The books also play a lot with themes of capitalism, alienation, and exploitation in economic and other ways, which I have talked about at length on TikTok. This is something that can really be explored when you age-up the characters and the audience, but yet again the writers don’t seem to take any of this very seriously, which is a damn shame.
There’s also something here about how Bardugo is able to harness subtlety and purposefulness in her writing that the show is not similarly gifted with. You’re beat over the head with every possible thought, feeling, word, emotion. And don’t tell me this is just because of the visual medium, because I watched Severance this week and it is living, breathing proof that subtlety is both possible and necessary with complex storytelling in a visual medium.
Inej is possibly a difficult character to adapt because she’s so intentional with her words in the book that she doesn’t exactly say a lot out loud, even as she thinks and thinks and thinks. In lieu of creatively adapting that, the show just doesn’t. There are spare references to her religiosity, her attraction to Kaz, her frustration with him. There’s nothing real about her arc in the duology, which centers on her capital-B Becoming. No earnest exploration of her own touch aversion, her recovery from sexual violence (besides general comments about the possibility of rape at the hands of a taxidermist-assassin hybrid character), her indentured servitude, her longing for her family. It’s a flattening, often in service of Kaz’s characterization. A painful flattening.
Jesper is similarly resigned to a 3 minute dream-interlude with his deceased mother, ever the comic relief and not the star he deserves to be. There is, however, a useful little moment where Wylan talks about leaving a previous (not remembered) hookup with Jesper, given Jesper’s reputation for sleeping around. It opens a window for Jesper to talk about how he likes to leave before he’s been left.
All of this, I’m told, will be explored more sincerely and completely in the possible Six of Crows series that hasn’t been greenlit yet, but I’m frustrated by how the writers smashed scenes from the end of the duology haphazardly into this eight episode arc, even if some of these scenes are planned to be repeated with better writing in that Six of Crows series.
I also think the editing of the show, in lieu of Bardugo’s use of six POVs to conceal details about events from the reader, needs to fuck with time more and do more interesting work overall. Linearity does not suit heist scenes, and the only time that the show acknowledges and messes with that is when Nina knocks Kaz out and there’s a flashback later to the moment when he’s speaking with her about the deception they’re going to undertake with Pekka Rollins.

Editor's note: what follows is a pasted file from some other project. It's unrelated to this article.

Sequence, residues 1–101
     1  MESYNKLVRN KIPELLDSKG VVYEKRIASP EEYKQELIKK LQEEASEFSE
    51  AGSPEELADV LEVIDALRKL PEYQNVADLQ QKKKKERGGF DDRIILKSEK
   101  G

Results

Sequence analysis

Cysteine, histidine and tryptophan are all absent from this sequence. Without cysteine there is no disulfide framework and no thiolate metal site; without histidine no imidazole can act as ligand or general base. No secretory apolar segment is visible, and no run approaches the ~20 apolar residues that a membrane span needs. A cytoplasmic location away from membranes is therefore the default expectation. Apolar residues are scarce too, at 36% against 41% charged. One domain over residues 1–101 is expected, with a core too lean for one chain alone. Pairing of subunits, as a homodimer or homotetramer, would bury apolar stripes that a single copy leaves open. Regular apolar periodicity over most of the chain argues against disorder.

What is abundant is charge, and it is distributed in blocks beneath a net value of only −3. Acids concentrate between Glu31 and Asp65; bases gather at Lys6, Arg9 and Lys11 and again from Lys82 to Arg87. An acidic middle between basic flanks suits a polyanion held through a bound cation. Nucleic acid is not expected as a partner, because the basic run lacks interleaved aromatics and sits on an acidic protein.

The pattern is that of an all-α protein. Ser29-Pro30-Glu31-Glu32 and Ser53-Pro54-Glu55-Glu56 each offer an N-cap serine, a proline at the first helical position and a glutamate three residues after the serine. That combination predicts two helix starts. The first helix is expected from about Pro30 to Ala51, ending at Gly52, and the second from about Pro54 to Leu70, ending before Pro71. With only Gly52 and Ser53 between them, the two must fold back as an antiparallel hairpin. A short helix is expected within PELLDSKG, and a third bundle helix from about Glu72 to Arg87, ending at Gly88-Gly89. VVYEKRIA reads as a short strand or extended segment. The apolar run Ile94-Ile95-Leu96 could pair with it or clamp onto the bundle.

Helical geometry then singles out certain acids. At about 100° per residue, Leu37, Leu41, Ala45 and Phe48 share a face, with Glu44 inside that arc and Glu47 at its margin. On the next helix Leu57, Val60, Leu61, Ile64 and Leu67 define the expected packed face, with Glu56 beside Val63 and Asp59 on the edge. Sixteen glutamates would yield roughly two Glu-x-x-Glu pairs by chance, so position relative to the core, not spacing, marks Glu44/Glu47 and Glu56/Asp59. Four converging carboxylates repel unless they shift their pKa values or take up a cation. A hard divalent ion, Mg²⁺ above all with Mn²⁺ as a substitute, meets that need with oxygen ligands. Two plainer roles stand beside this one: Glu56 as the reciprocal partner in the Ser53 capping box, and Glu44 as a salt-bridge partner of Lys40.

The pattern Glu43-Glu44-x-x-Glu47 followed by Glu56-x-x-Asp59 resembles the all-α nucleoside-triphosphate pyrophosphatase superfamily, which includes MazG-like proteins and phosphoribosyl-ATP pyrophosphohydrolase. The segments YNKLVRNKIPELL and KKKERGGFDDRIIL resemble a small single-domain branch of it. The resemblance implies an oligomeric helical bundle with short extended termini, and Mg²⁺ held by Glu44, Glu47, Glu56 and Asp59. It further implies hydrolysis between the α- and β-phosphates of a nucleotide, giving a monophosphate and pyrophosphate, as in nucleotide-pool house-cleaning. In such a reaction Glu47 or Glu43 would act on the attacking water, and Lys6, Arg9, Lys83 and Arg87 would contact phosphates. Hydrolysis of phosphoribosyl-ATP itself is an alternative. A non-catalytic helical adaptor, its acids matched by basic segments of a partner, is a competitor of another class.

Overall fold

In truth, I just want the script to take the Crows as seriously as I know they could be taken, and as seriously as the performers clearly take the characters they play. It’s just not doing enough yet, but maybe the show will?
Chaos Mode Thoughts:
Okay, so maybe you don’t care about adaptations staying true to the letter or spirit of the books. Or maybe you haven’t read the books! And they aren’t a useful goalpost for your viewing experience. Great! Love that for you!
I still think this season blows in a few really important moments. First, in episode 7 during the saddest little understaffed game of laser tag between a bunch of unimportant and largely unnamed characters, Nikolai, and Tamar. Second, in the smash-cut of trauma stories during the hallucinogenic poisoning scene that has neither the weight nor the context necessary to be meaningful to someone who hasn’t read the books. Third, in that the pacing is so bananas that I don’t even know if you can keep everything straight if you haven’t read the books. That last point is a question, actually. Can you keep everything straight if you haven’t read the books? Do you feel like you know anyone at all?
I’m complaining a lot about this show, and I do feel really justified in saying all of this, but I’ll be tuned in for the next season or the Crows show, notes-app opened and ready. It’s nice to get to care so much about things, even as they piss me off. And boy oh boy did this season piss me off.
I’ve always been a proponent of mini-series or limited series models, where the constraints of time are laid out well in advance and become the frame within which the art lives. This season, for me, becomes the perfect case for why limited series are necessary and worthwhile ways to make art. Without the looming specter of season 3 renewal or Six of Crows greenlighting, I wonder if this massive, sprawling, talented cast stood a better chance at making something that honors and complicates and elevates the books it’s adapting.